It was a shot heard round the small world of lawyers and lobbyists lining up influential troops for the confirmation battle over Supreme Court nominee Robert H. Bork.

Noted Washington lawyer Lloyd N. Cutler, self-described "liberal Democrat" and "advocate of civil rights before the Supreme Court," disputed characterizations of Bork as "an ideologue" and "extreme right-winger."

In an op-ed piece published in The New York Times July 16, scarcely two weeks after Bork's nomination to replace retired justice Lewis F. Powell Jr., Cutler, White House counsel to Jimmy Carter, predicted that a Justice Bork would turn out to be "closer to the middle than to the right, and not far from the justice whose chair he has been nominated to fill."

Since then, Cutler -- to the surprise and consternation of many friends and colleagues -- has been in the forefront of the effort to secure Senate confirmation of Bork, his friend for more than 20 years.

Cutler, who was a visiting professor at Yale Law School during Bork's tenure there and consulted the antitrust expert on auto-industry cases, attended a Bork strategy session and a mock confirmation hearing at the White House. He also wrote an article for The American Lawyer magazine supporting Bork and will testify on behalf of the 60-year-old jurist at his confirmation hearings, which begin Tuesday before the Senate Judiciary Committee.

Nan Aron, executive director of the Alliance for Justice, said Cutler's op-ed piece "was a setback" for those fighting Bork. "Lloyd Cutler is such a respected luminary of the bar here that it demanded a response, and a response by someone of equal stature."

The article created a furor among some lawyers in Cutler's firm, Wilmer, Cutler & Pickering, which has a reputation as a liberal firm, and at the Lawyers' Committee for Civil Rights Under Law. The Times identified Cutler -- without Cutler's approval, he said -- as a founder of the Lawyers' Committee.

Wilmer lawyers and the Lawyers' Committee were concerned that Cutler could be misinterpreted as speaking for them -- and took steps to correct that impression.

"It created a big stir," said a lawyer at Cutler's firm. "People wanted to make sure that the public knew that was not the firm line."

Likewise, "there was some dismay" at the Lawyers' Committee, said cochairman Stuart J. Land. The commentary article "made it look like the Lawyers' Committee -- since he was identified as one of the founders -- was supporting Bork," he said.

Land and cochairman Conrad K. Harper wrote The Times to disavow any such endorsement and to say that the Lawyers' Committee was studying the nomination.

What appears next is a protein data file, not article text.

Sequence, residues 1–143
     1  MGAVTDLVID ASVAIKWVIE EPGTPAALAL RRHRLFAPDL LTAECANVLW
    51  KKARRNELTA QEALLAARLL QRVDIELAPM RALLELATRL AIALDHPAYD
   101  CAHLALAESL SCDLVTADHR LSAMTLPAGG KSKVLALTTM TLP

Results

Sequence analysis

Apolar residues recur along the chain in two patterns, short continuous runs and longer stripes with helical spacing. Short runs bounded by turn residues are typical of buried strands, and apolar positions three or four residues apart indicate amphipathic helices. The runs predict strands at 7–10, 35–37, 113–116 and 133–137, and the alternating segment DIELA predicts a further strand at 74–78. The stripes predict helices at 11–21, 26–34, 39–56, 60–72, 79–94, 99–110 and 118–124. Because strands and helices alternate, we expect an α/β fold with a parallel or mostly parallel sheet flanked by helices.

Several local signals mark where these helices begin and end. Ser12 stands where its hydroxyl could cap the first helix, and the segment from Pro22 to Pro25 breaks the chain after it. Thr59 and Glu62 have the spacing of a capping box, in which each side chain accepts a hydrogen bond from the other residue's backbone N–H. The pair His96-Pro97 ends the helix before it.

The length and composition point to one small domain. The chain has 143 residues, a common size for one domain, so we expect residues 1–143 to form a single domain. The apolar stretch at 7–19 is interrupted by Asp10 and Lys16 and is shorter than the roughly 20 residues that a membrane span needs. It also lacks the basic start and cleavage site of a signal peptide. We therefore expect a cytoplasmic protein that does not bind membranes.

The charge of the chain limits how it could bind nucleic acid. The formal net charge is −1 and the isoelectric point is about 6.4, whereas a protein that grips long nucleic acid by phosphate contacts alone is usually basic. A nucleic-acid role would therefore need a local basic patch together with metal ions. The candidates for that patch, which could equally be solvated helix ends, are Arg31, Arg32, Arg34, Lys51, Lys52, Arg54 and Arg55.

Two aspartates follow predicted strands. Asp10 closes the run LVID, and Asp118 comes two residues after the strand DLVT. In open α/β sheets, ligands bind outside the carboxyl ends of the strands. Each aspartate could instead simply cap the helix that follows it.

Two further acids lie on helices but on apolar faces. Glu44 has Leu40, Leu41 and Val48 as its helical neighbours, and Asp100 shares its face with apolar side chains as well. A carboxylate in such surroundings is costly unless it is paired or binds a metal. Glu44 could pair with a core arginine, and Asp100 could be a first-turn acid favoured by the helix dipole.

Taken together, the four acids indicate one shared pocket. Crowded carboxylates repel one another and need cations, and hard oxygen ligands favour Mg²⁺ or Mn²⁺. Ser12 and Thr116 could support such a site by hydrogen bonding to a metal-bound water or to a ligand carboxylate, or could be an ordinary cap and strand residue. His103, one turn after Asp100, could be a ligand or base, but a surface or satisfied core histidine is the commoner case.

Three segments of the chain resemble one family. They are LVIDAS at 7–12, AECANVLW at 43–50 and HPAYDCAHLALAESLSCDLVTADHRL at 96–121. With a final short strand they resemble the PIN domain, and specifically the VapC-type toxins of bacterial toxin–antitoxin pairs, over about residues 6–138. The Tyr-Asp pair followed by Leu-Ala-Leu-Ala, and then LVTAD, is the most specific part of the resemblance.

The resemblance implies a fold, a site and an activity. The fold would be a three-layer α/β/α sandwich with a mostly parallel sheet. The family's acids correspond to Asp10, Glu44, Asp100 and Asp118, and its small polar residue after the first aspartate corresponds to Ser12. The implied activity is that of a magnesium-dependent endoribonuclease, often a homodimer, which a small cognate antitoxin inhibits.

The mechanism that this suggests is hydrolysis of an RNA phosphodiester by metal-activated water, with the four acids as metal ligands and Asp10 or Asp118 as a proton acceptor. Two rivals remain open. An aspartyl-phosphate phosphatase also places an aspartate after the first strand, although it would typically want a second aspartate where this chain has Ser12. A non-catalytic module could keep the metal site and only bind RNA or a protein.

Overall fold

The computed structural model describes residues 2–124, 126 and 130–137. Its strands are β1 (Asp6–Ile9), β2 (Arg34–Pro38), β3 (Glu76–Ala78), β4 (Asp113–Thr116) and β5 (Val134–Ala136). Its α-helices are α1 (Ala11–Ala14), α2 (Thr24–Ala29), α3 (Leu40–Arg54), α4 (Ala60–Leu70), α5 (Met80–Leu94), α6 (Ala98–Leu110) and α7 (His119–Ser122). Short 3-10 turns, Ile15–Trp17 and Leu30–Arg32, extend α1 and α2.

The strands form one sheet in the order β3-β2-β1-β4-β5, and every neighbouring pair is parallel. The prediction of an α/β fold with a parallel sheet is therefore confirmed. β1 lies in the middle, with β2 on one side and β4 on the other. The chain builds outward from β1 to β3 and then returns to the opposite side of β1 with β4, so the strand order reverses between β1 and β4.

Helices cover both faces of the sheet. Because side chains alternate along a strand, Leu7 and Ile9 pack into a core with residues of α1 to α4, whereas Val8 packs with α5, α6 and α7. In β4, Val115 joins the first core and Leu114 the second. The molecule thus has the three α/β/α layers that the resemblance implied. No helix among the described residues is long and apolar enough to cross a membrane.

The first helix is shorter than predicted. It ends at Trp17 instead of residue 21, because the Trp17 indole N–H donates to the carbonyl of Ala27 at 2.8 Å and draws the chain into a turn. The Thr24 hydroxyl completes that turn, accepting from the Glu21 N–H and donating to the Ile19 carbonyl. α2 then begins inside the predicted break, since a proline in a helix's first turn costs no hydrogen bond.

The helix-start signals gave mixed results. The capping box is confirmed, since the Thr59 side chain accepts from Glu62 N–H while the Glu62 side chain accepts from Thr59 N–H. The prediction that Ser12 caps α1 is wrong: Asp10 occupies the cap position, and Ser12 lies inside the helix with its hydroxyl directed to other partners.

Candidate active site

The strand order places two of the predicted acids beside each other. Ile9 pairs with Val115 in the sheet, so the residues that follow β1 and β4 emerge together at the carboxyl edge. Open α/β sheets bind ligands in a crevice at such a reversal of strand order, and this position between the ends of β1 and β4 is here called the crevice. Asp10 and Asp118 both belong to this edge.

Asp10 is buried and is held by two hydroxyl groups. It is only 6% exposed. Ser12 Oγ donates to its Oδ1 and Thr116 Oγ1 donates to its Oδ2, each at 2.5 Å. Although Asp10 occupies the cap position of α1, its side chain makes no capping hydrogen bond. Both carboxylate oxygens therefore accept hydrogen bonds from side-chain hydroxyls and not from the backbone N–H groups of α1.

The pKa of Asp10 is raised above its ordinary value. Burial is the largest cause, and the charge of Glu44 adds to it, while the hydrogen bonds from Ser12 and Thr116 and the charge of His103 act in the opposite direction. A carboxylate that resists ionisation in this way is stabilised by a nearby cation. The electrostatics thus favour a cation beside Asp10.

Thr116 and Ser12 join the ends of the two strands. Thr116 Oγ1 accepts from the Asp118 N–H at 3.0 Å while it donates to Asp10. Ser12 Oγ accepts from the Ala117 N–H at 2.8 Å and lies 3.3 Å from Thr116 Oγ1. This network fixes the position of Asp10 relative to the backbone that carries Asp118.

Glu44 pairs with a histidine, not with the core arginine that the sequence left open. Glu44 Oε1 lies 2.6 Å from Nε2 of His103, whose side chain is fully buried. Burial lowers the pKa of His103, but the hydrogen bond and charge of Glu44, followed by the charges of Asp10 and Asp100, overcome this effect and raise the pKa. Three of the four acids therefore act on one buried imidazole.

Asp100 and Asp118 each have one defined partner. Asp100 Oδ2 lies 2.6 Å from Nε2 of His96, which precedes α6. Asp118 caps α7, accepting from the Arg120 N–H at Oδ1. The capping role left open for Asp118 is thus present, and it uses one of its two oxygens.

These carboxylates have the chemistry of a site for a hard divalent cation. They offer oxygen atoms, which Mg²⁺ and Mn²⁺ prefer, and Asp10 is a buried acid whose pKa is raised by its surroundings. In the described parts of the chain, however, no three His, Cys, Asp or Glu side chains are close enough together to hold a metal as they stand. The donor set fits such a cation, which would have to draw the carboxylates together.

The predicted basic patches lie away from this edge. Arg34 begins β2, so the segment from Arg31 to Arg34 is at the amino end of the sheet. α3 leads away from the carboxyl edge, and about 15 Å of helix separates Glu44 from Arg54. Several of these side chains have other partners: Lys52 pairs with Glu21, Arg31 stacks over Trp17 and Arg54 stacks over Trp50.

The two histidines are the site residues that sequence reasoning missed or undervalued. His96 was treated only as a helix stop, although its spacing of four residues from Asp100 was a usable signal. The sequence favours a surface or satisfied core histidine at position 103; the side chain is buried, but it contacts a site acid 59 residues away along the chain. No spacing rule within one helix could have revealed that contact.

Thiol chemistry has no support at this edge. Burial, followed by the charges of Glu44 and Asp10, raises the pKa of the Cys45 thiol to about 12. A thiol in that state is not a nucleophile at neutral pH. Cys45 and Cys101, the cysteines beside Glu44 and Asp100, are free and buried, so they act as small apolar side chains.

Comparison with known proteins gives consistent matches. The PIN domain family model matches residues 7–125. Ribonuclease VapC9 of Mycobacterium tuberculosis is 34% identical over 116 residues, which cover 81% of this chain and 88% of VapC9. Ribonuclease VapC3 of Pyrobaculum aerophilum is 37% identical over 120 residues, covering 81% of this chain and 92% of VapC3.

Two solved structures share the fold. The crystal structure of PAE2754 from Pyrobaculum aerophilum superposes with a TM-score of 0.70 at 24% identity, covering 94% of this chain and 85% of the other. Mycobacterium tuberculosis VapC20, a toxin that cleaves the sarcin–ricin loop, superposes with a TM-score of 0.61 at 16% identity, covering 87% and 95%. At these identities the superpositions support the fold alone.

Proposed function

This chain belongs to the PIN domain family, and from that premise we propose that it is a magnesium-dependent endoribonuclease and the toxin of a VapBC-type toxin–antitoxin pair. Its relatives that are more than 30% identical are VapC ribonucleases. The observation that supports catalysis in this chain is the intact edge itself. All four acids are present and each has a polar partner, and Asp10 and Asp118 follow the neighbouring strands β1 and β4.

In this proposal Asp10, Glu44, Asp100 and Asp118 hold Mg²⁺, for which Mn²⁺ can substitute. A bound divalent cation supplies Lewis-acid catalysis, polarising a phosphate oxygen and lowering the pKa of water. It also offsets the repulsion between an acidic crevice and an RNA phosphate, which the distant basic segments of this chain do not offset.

Today, the Lawyers' Committee is to release a study of Bork's civil rights views -- prepared in part by volunteer lawyers at Wilmer, Cutler & Pickering -- and a statement concluding that Bork's nomination "jeopardizes the continued vitality of civil rights and liberties long enjoyed by all Americans."

Among prominent lawyers signing the statement are former attorneys general Nicholas deB. Katzenbach and Ramsey Clark, former secretary of state Cyrus R. Vance and former assistant attorney general Day S. Days III. Vance and Days were Cutler's colleagues in the Carter administration. Also signing are Cravath, Swaine & Moore partner Thomas D. Barr, a close friend of Cutler, and Harvard Law School Dean James Vorenberg.

The statement cited Bork's criticism of the Supreme Court's decisions establishing the principle of one-person, one-vote; denying the enforceability of racially restrictive covenants; and extending the reach of the equal-protection clause.

"Bork's record," it said, "reflects strong and consistent opposition to many of the central principles for which the Lawyers' Committee has fought" and "places him well outside the territory occupied by the most respected advocates of judicial restraint in this century."

In response, Cutler has threatened to quit the Lawyers' Committee, founded in 1963 at the request of President John F. Kennedy to spur private lawyers to help in the civil rights struggle. Cutler was cochairman of the group in 1971-73.

"I really don't know whether he will resign," Land said Saturday. "I think everything is up in the air, to be candid. He has indicated he may."

Cutler, Land said, "is a very highly respected member" of the committee. "We don't like getting into a dispute with him."

Cutler declined to say what he would do. "I obviously disagree with it," he said about the Lawyers' Committee report. "I'll draw my own conclusions as to what I should do. The Lawyers' Committee does many valuable things."

Meanwhile, Bork opponents note that Cutler, when he testified on behalf of Antonin Scalia at his confirmation hearings last year, argued that Scalia was in the mainstream of constitutional thought by citing Scalia's agreement with four liberal colleagues on the appeals court here who dissented from the dismissal of a libel case against columnists Rowland Evans and Robert Novak.

This time around, Cutler -- like other Bork supporters -- is pointing to Bork's opinion on the opposite side as evidence that Bork is not a right-wing zealot.

Cutler expresses surprise that his views on Bork have created controversy. "I didn't make any waves when I testified on behalf of Justice Scalia, or against {U.S. Appeals Court} Judge {Daniel A.} Manion, for that matter," he said.

Although Cutler has said privately that he believes the Bork nomination will be defeated, he said in a telephone interview yesterday that the fight is too close to call. "It's anybody's ball game," he said.